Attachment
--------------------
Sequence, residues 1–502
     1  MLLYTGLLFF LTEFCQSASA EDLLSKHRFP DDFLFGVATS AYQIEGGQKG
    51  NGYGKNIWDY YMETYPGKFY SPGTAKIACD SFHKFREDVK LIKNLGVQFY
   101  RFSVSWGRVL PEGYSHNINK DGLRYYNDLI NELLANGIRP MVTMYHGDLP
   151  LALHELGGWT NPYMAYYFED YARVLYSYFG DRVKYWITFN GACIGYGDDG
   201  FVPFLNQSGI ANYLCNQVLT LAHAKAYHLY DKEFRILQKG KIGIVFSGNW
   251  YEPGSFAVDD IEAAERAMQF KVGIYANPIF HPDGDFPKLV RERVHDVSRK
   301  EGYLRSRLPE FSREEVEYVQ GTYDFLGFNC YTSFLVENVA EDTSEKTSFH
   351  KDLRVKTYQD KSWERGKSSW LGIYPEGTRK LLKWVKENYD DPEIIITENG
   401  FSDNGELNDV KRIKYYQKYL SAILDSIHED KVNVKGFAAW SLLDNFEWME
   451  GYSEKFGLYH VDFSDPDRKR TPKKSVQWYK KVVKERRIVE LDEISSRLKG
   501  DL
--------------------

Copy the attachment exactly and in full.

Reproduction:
Sequence, residues 1–502
     1  MLLYTGLLFF LTEFCQSASA EDLLSKHRFP DDFLFGVATS AYQIEGGQKG
    51  NGYGKNIWDY YMETYPGKFY SPGTAKIACD SFHKFREDVK LIKNLGVQFY
   101  RFSVSWGRVL PEGYSHNINK DGLRYYNDLI NELLANGIRP MVTMYHGDLP
   151  LALHELGGWT NPYMAYYFED YARVLYSYFG DRVKYWITFN GACIGYGDDG
   201  FVPFLNQSGI ANYLCNQVLT LAHAKAYHLY DKEFRILQKG KIGIVFSGNW
   251  YEPGSFAVDD IEAAERAMQF KVGIYANPIF HPDGDFPKLV RERVHDVSRK
   301  EGYLRSRLPE FSREEVEYVQ GTYDFLGFNC YTSFLVENVA EDTSEKTSFH
   351  KDLRVKTYQD KSWERGKSSW LGIYPEGTRK LLKWVKENYD DPEIIITENG
   401  FSDNGELNDV KRIKYYQKYL SAILDSIHED KVNVKGFAAW SLLDNFEWME
   451  GYSEKFGLYH VDFSDPDRKR TPKKSVQWYK KVVKERRIVE LDEISSRLKG
   501  DL